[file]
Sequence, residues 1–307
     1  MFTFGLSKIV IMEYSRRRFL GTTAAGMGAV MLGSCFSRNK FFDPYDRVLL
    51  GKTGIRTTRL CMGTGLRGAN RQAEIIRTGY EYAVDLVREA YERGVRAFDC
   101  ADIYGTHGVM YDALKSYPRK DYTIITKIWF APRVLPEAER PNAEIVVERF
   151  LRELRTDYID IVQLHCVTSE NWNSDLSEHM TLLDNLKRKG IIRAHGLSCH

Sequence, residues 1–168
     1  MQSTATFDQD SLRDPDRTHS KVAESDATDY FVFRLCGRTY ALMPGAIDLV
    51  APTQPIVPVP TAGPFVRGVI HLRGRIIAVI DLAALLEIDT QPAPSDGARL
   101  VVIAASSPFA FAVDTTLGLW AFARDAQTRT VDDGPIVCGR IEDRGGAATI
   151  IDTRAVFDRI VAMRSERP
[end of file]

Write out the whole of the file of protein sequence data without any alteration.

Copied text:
Sequence, residues 1–307
     1  MFTFGLSKIV IMEYSRRRFL GTTAAGMGAV MLGSCFSRNK FFDPYDRVLL
    51  GKTGIRTTRL CMGTGLRGAN RQAEIIRTGY EYAVDLVREA YERGVRAFDC
   101  ADIYGTHGVM YDALKSYPRK DYTIITKIWF APRVLPEAER PNAEIVVERF
   151  LRELRTDYID IVQLHCVTSE NWNSDLSEHM TLLDNLKRKG IIRAHGLSCH

Sequence, residues 1–168
     1  MQSTATFDQD SLRDPDRTHS KVAESDATDY FVFRLCGRTY ALMPGAIDLV
    51  APTQPIVPVP TAGPFVRGVI HLRGRIIAVI DLAALLEIDT QPAPSDGARL
   101  VVIAASSPFA FAVDTTLGLW AFARDAQTRT VDDGPIVCGR IEDRGGAATI
   151  IDTRAVFDRI VAMRSERP